My first jukebox musical was Mamma Mia! I saw it in London, and never having been an ABBA fan growing up, it felt new and kind of fun. It remains one of the most successful in the genre that some might say it spawned. But the crowd of shows that have come after it haven't always offered reasons to cheer.
Still, when I had the chance to get cheap tickets to Ring of Fire, I took the opportunity because I've really come to enjoy Johnny Cash's music in the past few years. Realizing what a great influence he was on a whole boatload of musicians helped, but beyond that, the man sang, wrote, and popularized lots of good songs, even if you aren't a die-hard country fan. And in fact, certain times throughout his life, apparently, he rejected the idea that he should hew to the expectations of what a country singer should be, at least according to his daughter Rosanne Cash, who also shuns easy categorization.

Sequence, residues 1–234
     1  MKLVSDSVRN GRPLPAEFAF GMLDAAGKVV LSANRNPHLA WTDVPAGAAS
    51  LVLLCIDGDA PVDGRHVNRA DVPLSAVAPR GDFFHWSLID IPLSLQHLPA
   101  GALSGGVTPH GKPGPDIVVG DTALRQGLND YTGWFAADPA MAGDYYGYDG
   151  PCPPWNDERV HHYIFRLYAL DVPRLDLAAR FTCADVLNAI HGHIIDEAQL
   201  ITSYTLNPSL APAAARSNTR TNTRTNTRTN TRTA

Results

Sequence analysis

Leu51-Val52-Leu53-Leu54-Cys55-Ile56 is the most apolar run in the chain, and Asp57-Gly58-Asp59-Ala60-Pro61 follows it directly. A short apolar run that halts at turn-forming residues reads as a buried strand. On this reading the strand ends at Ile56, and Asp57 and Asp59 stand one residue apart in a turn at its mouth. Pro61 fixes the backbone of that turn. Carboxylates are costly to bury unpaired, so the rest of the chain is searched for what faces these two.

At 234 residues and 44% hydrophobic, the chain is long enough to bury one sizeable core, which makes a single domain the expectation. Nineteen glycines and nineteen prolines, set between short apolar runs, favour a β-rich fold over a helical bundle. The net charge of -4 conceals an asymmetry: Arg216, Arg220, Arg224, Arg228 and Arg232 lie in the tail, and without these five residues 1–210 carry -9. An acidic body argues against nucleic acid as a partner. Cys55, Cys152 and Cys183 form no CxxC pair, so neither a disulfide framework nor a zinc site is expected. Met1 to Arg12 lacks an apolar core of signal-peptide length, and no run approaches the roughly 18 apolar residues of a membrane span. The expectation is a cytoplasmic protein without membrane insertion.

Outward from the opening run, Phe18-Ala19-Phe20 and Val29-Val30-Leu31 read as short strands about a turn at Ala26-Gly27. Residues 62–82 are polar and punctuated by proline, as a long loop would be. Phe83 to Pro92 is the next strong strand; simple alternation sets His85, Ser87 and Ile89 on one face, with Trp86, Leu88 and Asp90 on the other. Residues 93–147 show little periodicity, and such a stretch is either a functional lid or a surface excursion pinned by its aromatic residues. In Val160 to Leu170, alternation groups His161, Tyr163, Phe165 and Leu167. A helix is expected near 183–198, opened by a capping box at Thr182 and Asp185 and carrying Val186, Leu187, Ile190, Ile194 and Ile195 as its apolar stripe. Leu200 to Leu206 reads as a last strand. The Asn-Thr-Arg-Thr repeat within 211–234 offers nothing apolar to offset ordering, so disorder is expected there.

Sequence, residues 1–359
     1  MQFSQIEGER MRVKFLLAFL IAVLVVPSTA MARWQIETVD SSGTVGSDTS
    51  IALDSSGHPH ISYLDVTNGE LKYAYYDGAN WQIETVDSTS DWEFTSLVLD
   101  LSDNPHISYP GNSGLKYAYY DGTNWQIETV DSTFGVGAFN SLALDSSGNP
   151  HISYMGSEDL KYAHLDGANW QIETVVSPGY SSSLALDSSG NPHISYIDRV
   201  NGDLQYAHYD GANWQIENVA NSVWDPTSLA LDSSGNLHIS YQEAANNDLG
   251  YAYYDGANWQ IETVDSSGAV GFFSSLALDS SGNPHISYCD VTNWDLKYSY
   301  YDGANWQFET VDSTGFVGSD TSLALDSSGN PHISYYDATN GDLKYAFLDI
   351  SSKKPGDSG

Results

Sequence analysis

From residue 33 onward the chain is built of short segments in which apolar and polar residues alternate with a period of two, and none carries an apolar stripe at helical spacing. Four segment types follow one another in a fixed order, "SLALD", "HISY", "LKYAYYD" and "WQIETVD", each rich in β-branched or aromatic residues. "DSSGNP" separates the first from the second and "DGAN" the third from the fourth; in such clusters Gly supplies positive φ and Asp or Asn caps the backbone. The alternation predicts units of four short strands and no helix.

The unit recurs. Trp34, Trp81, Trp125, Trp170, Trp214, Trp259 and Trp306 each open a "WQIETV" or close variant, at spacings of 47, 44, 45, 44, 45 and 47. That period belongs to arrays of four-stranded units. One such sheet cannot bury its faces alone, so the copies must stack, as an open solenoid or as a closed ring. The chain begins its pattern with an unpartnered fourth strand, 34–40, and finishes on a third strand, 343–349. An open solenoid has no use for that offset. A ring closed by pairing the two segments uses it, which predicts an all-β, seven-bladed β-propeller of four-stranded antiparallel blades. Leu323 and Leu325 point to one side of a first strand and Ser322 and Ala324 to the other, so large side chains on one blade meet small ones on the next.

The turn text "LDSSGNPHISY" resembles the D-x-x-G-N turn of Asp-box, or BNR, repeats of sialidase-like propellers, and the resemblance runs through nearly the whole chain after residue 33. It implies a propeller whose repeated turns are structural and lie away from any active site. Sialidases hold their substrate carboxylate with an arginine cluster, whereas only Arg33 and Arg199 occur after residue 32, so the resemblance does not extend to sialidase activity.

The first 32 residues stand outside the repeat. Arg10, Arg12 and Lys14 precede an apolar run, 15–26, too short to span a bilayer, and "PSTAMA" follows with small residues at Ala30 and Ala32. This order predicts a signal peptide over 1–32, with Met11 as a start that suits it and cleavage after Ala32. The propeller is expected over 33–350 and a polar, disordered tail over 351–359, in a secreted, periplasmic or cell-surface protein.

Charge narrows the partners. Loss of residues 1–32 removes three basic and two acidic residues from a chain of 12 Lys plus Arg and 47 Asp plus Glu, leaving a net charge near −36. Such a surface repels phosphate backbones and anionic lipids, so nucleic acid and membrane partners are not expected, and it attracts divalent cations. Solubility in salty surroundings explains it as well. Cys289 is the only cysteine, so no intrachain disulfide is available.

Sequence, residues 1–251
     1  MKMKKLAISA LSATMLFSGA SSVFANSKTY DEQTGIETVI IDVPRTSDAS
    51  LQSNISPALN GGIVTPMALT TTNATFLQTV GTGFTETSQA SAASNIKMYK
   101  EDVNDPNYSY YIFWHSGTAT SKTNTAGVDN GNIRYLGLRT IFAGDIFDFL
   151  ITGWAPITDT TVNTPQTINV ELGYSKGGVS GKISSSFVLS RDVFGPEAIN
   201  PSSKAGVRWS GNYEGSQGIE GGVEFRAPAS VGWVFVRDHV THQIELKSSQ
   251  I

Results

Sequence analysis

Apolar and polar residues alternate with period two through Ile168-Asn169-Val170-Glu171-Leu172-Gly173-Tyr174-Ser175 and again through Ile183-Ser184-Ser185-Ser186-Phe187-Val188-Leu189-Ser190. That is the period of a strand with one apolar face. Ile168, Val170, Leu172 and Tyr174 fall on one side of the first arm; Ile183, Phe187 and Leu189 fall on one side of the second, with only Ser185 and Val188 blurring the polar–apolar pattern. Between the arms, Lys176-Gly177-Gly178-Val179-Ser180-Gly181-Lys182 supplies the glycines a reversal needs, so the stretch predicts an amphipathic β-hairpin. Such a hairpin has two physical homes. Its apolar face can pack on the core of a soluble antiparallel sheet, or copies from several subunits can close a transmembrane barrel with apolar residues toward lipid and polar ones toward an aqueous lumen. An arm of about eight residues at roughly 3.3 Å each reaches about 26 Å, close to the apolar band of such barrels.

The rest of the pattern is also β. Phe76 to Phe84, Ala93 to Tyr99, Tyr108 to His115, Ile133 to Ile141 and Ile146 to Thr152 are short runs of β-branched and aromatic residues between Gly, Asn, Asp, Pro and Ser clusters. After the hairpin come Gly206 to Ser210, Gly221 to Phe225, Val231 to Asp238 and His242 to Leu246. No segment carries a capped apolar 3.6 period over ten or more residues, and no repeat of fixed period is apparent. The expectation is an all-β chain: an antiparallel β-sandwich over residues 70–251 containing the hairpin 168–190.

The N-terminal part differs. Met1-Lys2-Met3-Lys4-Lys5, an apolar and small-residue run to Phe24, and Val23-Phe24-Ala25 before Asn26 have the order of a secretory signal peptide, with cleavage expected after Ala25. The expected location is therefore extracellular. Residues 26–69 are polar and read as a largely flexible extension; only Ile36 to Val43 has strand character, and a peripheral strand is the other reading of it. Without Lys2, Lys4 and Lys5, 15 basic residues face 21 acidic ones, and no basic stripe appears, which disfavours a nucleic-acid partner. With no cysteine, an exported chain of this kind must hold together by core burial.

Now I was under the impression that there was going to be some effort at creating a story around Cash's repetoire. I quickly realized that Ring is more of a revue with scenarios than a full-fledged musical the way Mamma Mia was. But once I resigned myself to the knowledge that there wasn't going to be anything more than a loose rise-and-fall (on the themes of love, fame, transgression, aging, faith, and redemption), I tried to take the show for what it was, and actually ended up enjoying it more than I expected, thanks to the great musicians and singers that make up the performers on stage. I have to give them extra credit for including the haunting arrangement of Trent Reznor's "Hurt" that Cash sang toward the end of his life. Other really well-done numbers included "Folsom Prison Blues" and "Man in Black." The audience seemed uniquely filled with Cash fans, and certain songs inspired almost instantaneous clapping along in time to the music.
So if you go with low expectations, and just want to hear some great versions of Johnny Cash songs, you might enjoy this musical (if you want to call it that).